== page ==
A wide range of studies examining the relationship in party performance between local and national polls have produced varying results across a range of geographical contexts. Early studies in the US, for example, found a limited effect from local campaigning on subsequent national elections with a positive influence on voter turnout  and in the nomination and pre-election registration stages.  A 1999 study of elections in Canada concluded that a preceding local campaign is an important determinant of a party’s vote share in a subsequent Parliamentary election, particularly for opposition parties in seats where the campaign was not successful.  This finding was consistent with some earlier studies  but conflicted with others.  In the UK, a range of studies discovered correlations that varied by party. For example, one study uncovered a modest, but statistically significant, impact in national elections associated with a preceding local campaign for the Labour and Conservative parties,  whereas another found a positive relationship for the Labour and Liberal Democrat parties, but not the Conservatives.  In contrast, a number of important studies in Europe by Dinkel  (in an inverse of the relationship studied here) conjectured the subordination of regional elections to the electoral rhythms of polity-wide politics and concluded that incumbency at the federal level hurts a party in regional level elections. These findings led to a range of studies  that were used to explain the underperformance of incumbent parties in the first direct elections to the European Parliament in 1979.  Studies on election results in India have been more limited in both number and scope. Using a panel data analysis Webb and Wijeweera  find a correlation in party performance between legislative assembly and Parliamentary elections that varies according to party type (national, state and registered), but which fails to account for regional variations. Similarly, Yadav and Palshikar discern a number of different phases in which the correlation between state and federal politics changes and conclude that politics at the state level shapes and filters, rather than pre-determines, the outcome of national elections.  This finding is partially endorsed by Chhibber who conjectures some linkage between a party’s performance at the Parliamentary and state level.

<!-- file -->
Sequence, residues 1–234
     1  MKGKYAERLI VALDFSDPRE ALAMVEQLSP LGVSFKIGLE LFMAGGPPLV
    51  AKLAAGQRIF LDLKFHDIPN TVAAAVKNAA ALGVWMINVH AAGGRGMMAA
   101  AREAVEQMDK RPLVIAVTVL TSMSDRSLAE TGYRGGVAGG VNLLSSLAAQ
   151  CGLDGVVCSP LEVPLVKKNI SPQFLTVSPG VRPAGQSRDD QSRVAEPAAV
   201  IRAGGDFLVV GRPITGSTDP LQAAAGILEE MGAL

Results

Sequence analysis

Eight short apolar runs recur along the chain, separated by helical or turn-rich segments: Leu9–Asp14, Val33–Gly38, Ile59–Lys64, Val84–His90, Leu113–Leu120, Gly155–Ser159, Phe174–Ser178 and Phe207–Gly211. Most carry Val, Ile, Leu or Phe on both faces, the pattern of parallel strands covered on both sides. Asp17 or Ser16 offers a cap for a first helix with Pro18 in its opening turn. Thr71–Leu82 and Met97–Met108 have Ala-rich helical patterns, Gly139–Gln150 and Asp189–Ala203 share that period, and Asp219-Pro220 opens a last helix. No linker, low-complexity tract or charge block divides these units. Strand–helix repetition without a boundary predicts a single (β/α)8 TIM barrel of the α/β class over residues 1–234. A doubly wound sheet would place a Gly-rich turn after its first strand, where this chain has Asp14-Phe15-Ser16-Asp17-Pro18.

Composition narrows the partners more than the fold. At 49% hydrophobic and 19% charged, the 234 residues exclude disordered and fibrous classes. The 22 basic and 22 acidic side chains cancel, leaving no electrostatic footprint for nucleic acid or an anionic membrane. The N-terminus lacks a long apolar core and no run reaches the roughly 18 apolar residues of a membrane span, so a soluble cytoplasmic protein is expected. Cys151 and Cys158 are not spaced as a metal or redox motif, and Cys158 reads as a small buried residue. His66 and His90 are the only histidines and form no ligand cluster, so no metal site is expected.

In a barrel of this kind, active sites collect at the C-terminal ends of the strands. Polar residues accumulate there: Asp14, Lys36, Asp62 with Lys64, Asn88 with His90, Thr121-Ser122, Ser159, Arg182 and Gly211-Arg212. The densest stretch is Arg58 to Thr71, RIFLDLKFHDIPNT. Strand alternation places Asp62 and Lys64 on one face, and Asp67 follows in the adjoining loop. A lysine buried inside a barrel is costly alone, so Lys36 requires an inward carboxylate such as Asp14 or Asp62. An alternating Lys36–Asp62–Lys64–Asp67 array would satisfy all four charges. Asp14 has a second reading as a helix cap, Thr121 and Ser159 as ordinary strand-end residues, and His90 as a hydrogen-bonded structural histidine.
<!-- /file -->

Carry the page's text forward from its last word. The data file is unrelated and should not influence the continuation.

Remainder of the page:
While these studies point to a tentative consensus regarding the links between a party’s performance at the regional and (supra-)national levels, the correlation varies between electorates and may be influenced by a range of intervening variables. For example, North American studies have posited the influence of religious/ethnic homogeneity, campaign spending and the effect of incumbency as possible explanations for why correlations in a party’s performance between local and federal elections may vary.  Studies of results from Spain,  Greece and Portugal  similarly found that the Dinkel effect did not hold in areas where there was a lack of congruence in party systems at the national and regional levels due to the presence of ‘historic nationalities’ with a strong sense of identity or other intervening variables such as the electoral cycle, socio-economic and cultural factors. In the case of India, Yadav and Palshikar echo previous claims  regarding the importance of state politics as a determinant of Parliamentary elections by arguing that politically relevant social cleavages are defined in the arena of state politics where the greater number of actors makes higher voter mobilization more possible, and the building blocks of national collations are formed.  Thus, they allege, because voters use Parliamentary elections to pass a verdict on the state government, state elections are an arena of primary choice by voters with the choices made during Parliamentary elections assuming more of a derivative character.  Here too, however, we find a range of intervening variables that influence the strength and character of linkages between politics at the state and federal level. For example, Yadav and Palshikar acknowledge the importance of a temporal lag between elections observing that where a Parliamentary election follows a state election in quick succession the state verdict tends to be repeated at the national level. In contrast, they claim, if the Parliamentary election is held in the middle of the term of an elected state government voters are more likely to be critical and an inverse result may obtain.